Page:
Tamar Herzig

Sep 4, 2020

A Convert’s Tale

Art, Crime, and Jewish Apostasy in Renaissance Italy

Harvard University Press 2019

On this episode of New Books in History, Jana Byars talks with Tamar Herzig, Professor of History at Tel Aviv University, the Director of Tel Aviv University’s Morris E Curiel Institute for European Studies, and as the Vice Chairperson of the Historical Society of Israel about her new book, A Convert’s Tale: Art, Crime, and Jewish Apostasy in Renaissance Italy (Harvard University Press). Dr. Herzig took time out from her extraordinarily busy schedule to discuss her exciting new read, detailing the life of a very interesting, possibly tragic, definitely frustrating Italian Jew turned Christian goldsmith who was, on one hand, connected to the wealthiest and most powerful of families in Northern Italy, and, on the other, an inveterate gambler and general lout. Salomone da Sesso, was so good at his job that he was a verifiable celebrity. He had a very complex relationship with, and occasionally ran afoul of, his fellow Jews, so much so that he is charged with sodomy (amongst other things) and coverts to Christianity. As Ercole de Fidelis (Ercole the Faithful) he enjoyed the favor of the likes of Isabella d’Este and Lucrezia Borgia. When he lost their support, however, he fell into poverty. He was forced into exile and died unnoticed. We discuss microhistory, Jewish apostasy, sodomy, and the archival tradition.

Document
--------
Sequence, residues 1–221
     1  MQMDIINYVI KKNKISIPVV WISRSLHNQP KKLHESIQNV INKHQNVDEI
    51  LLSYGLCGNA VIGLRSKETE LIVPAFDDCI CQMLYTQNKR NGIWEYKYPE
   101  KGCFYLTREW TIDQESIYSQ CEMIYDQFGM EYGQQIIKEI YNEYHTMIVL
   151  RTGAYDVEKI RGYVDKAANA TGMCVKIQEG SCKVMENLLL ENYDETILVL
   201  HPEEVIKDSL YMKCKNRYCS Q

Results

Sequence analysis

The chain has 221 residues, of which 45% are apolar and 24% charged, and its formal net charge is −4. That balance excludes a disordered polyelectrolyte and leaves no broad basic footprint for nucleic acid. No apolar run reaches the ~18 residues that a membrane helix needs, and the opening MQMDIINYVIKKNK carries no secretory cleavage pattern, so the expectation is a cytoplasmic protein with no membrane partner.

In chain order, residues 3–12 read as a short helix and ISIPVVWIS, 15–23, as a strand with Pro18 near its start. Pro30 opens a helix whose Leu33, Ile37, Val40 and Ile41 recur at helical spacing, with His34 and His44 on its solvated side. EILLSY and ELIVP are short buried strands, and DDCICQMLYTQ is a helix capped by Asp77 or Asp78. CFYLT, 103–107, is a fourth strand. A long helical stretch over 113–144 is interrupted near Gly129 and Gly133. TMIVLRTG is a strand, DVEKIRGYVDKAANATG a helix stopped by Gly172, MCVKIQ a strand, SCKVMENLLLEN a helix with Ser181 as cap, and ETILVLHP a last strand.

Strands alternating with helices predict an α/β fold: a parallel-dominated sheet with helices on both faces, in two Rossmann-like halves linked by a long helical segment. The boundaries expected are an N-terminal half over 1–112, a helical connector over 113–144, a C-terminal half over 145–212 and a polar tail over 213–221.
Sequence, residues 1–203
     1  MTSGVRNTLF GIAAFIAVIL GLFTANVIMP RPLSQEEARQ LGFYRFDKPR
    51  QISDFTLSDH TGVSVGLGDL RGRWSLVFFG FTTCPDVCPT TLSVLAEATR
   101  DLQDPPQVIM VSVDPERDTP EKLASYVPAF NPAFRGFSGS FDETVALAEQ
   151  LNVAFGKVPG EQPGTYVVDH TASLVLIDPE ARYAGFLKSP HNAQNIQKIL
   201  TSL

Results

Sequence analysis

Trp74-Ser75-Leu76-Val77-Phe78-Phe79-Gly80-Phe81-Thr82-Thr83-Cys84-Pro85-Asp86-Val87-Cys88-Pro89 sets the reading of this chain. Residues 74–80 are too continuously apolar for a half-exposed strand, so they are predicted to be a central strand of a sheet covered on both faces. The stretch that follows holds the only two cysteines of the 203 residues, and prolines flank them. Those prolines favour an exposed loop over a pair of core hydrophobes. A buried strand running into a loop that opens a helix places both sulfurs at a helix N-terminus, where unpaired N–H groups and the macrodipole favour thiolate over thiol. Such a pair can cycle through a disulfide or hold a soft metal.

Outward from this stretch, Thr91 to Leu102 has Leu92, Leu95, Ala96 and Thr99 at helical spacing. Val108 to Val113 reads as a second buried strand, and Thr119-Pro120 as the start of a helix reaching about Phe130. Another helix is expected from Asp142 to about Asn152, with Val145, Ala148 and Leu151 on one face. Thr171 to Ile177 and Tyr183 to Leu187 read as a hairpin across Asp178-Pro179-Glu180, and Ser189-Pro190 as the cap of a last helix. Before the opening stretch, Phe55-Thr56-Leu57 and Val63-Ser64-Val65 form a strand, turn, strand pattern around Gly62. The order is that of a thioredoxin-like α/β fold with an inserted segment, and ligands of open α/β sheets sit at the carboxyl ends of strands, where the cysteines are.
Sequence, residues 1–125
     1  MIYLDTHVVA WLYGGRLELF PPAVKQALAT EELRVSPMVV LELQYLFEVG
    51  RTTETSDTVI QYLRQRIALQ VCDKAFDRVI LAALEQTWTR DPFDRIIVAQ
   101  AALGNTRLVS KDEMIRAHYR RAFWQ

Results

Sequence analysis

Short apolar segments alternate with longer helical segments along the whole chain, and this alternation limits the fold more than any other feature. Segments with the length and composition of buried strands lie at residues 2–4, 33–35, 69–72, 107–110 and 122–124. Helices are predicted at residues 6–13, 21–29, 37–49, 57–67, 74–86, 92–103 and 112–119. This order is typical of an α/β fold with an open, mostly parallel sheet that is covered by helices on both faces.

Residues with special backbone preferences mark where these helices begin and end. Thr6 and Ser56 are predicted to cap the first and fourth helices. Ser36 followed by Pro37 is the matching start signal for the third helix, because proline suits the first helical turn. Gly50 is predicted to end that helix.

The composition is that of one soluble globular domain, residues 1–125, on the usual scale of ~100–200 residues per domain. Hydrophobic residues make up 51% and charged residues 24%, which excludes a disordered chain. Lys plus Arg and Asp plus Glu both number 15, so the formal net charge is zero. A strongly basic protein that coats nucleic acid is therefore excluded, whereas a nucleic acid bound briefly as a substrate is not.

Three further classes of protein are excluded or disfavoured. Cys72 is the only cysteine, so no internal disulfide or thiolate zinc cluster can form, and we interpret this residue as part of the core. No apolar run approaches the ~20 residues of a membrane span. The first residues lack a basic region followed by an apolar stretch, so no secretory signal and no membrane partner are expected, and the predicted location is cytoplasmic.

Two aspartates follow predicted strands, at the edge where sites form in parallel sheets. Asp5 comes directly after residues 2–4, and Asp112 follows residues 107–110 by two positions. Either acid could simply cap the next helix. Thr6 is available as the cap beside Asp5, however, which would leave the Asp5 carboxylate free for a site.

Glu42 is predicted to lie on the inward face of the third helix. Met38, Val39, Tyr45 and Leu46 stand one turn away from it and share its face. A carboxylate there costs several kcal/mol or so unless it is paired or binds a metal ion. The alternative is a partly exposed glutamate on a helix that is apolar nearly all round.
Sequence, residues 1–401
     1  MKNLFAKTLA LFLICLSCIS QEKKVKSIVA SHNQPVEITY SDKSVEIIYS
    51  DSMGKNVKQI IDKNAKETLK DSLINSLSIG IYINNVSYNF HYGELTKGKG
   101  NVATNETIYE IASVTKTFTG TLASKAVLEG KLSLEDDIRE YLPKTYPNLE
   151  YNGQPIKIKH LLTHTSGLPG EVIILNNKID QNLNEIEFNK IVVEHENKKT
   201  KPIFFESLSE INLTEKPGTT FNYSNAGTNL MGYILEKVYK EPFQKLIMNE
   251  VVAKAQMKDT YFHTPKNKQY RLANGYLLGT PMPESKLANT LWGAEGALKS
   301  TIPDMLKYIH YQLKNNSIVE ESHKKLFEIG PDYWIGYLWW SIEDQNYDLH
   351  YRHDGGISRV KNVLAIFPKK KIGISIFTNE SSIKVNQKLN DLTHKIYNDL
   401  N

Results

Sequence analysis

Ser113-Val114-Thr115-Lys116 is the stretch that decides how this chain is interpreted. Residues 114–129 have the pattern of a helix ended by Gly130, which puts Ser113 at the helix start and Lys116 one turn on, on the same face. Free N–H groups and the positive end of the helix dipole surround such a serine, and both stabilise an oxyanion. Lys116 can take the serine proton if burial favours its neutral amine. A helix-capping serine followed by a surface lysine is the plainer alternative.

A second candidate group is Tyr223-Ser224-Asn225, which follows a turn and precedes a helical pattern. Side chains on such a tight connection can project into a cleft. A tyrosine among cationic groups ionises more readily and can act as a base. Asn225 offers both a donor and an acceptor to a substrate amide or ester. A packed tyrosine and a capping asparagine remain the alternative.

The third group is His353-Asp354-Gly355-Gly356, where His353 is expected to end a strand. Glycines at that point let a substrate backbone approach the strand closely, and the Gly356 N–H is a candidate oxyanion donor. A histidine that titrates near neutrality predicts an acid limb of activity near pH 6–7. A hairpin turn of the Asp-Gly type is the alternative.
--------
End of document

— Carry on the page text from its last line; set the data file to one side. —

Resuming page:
Jana Byars is the Academic Director of Netherlands: International Perspectives on Sexuality and Gender.

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